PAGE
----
The Legislative Push to Make Texas More Marijuana-Friendly is Officially Dead

Categories: Legislature, Weed

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Marijuana advocates were abuzz last month -- and by "abuzz" we mean excited, of course -- when a bill to reduce penalties for marijuana possession was passed out the Texas House Criminal Jurisprudence Committee. The bill had been watered down to apply only to people younger than 21, but the Texas chapter of NORML, the national pot-legalization organization, still called it an "amazing step for Texas."

Also encouraging was progress on a medical marijuana bill that would make medical need a valid defense in pot possession cases. The measure, some version of which has been introduced in the past several sessions, got a hearing for the first time ever. As The Joint Blog declared, "The measure isn't perfect, but is a huge step forward for Texas."

Both those bills, the only pro-marijuana legislation to get any sort of traction this session, are now officially dead, which isn't to say that marijuana activists are admitting defeat.

"We have always been well aware of the fact that neither of these bills had much of a chance with the current makeup of the Legislature," Josh Schimberg, Texas NORML's executive director, wrote in an email. "However we have seen some progress resulting from our concerted effort to get information to all of the legislators. The progress, albeit small, included much more media coverage, getting new co-sponsors for the bills, getting a hearing for HB 594, and seeing HB 184 voted out of committee and into the Calendars Committee.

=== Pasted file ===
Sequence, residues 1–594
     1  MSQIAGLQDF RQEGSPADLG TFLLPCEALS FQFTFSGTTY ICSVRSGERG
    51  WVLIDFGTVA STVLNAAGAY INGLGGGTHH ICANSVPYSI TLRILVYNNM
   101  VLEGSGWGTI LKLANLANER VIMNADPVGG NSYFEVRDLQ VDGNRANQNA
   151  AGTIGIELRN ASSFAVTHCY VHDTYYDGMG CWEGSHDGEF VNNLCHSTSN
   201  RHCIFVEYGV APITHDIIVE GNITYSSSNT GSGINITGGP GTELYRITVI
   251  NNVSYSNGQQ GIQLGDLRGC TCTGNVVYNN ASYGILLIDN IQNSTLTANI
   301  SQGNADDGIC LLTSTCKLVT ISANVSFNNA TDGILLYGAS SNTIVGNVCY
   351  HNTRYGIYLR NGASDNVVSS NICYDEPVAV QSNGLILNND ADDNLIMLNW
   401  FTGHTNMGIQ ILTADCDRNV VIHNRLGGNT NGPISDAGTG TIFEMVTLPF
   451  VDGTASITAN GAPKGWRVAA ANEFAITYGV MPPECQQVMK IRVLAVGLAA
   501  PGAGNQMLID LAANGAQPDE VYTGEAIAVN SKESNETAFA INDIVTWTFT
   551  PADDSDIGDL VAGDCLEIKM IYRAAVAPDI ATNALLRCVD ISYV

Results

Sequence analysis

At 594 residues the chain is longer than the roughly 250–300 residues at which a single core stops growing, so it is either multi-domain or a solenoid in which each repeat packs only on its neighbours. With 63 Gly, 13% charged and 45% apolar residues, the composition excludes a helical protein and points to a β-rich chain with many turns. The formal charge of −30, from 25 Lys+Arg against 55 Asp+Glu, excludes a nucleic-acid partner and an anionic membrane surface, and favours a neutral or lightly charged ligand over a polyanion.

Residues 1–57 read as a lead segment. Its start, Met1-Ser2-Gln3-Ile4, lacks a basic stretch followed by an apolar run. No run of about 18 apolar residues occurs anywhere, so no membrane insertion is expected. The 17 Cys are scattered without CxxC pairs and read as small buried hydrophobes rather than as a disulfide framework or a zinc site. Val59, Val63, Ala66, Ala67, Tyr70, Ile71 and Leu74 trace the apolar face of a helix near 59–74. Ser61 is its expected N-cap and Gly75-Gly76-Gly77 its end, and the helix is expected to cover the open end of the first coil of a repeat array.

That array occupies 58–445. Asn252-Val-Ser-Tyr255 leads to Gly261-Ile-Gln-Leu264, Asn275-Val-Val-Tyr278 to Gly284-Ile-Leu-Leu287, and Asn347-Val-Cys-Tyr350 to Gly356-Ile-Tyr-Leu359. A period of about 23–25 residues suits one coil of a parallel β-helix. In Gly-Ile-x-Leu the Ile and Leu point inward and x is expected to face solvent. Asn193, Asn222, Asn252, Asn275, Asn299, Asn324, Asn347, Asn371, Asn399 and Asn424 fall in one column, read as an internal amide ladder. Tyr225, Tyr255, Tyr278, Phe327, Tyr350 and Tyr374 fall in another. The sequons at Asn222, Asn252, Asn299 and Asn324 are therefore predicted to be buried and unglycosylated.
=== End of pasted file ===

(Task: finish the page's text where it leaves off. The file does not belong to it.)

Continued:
"Obviously, this issue isn't one that will be changing quickly in Texas, but our organization intends to keep up the pressure both between sessions and in the lead up to the 2015 session."

Who knows? By then, maybe the bills will actually make it to the House or Senate floor. For something to actually pass, however, the Legislature will have to have a lot fewer Republicans, or a lot more Republicans who smoke pot.

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26 comments
leofandersoniii
leofandersoniii

I need some help out there. Some of you have thousands of friends and it will help tremendously if you will share this on your timeline and ask them to do the same. There are those of us that want to live in a free country want to get it back to that. (right now we're in a police state, There are  85 million armed americans in a country with only 2 million pigs so it's probably not too late to change). Anyway, here in Texas there was a bill which would have allowed patients de Facto immunity from prosecution for using medical marijuana with a doctors recommendation (HB 594). House speaker Lois Kolkhortz held it up in session until it died. She claimed it was because "there were not the votes to get it passed." I don't care if there were not the votes. I want to know where each rep stands on the issue. Regardless, I have information that indicates Lois Kolkhortz has a money trail leading to big Pharma. If this is true then she needs to be exposed and impeached. Thanks for sharing this on your facebook timeline

smittjak
smittjak

legalize everything about marijuana

smittjak
smittjak

marijuana is safer than alcohol

cubscoutfisteree
cubscoutfisteree

I'm tiered of this backward ass state. The stupidity that comes out of this place makes me ashamed to even say I live here

primi_timpano
primi_timpano topcommenter

Why not start at home. Direct officers to avoid marijuana arrests or tickets for less than an ounce or two, and just issue tickets for more "serious" offenses, like public smoking.

heylo
heylo

"For something to actually pass, however, the Legislature will have to have a lot fewer Republicans, or a lot more Republicans who smoke pot."